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Limpin to safety.
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Monsanto controls the corn... and the prices.

Sure it looks good to pay 20 cents an ear, but do you really know what you are eating? More importantly have we considered the consequences of doing business with monsanto?

I grow my own corn, non GMO, with out the pesticides. I also shop farmers markets with real Organic farmers.

It might not be cheaper, but it's at least consistent.
 

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off-grid organic farmer
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I do not grow our corn, rather I buy corn by the tonne.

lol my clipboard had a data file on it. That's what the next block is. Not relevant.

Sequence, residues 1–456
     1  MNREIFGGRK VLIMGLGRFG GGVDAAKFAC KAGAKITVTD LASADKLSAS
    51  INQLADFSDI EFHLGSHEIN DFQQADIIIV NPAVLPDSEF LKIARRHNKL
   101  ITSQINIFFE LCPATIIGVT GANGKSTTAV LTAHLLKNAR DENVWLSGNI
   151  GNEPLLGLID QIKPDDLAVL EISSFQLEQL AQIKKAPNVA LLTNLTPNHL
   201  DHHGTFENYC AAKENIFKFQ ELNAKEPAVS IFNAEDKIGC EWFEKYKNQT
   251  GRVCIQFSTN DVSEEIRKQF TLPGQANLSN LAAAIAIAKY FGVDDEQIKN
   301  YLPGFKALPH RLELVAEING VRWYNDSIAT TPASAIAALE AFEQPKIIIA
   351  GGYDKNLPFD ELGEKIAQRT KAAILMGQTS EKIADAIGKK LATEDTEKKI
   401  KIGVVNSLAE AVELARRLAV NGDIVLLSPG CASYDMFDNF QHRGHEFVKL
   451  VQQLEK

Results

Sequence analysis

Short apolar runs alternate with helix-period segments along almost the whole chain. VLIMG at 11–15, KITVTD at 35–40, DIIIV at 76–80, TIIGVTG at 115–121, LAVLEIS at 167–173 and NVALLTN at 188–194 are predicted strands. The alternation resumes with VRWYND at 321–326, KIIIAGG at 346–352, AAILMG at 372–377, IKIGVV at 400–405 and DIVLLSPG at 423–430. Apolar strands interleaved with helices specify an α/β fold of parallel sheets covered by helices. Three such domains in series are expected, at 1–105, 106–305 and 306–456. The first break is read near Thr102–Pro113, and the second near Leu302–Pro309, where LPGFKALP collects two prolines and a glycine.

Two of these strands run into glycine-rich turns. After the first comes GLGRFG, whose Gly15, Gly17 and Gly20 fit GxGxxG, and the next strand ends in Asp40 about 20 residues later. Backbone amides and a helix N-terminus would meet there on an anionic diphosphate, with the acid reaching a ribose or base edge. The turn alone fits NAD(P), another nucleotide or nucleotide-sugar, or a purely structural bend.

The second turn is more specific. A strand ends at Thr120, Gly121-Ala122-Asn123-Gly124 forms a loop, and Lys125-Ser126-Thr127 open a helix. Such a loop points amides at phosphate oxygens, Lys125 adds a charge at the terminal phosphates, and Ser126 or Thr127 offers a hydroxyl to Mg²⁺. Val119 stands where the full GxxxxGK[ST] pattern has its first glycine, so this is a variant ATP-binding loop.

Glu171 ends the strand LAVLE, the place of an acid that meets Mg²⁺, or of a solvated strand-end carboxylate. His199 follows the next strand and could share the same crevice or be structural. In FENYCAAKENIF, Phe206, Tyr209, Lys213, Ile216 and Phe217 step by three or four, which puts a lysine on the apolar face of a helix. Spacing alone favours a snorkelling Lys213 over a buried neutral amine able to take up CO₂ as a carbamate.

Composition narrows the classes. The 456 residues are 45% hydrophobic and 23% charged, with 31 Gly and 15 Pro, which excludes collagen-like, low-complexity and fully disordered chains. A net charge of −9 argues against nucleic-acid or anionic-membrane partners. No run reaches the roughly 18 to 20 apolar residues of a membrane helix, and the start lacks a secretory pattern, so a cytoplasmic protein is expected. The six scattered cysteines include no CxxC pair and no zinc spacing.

We are fortunate that this is not a big GMO area, few farmers here grow GM crops.
 

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I'm trying to grow corn but I don't think it likes our current weather. My neighbor mentioned that it's supposed to be knee high by the 4th, right now it's about ankle high. We had rain almost every day since the snow melted but I guess it needed heat also. At least that's my excuse this time. I can't seem to grow corn or zuchinni.
 

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Pleasantly demented woman
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I'm trying to grow corn but I don't think it likes our current weather. My neighbor mentioned that it's supposed to be knee high by the 4th, right now it's about ankle high. We had rain almost every day since the snow melted but I guess it needed heat also. At least that's my excuse this time. I can't seem to grow corn or zuchinni.
Still gotta a couple days... :)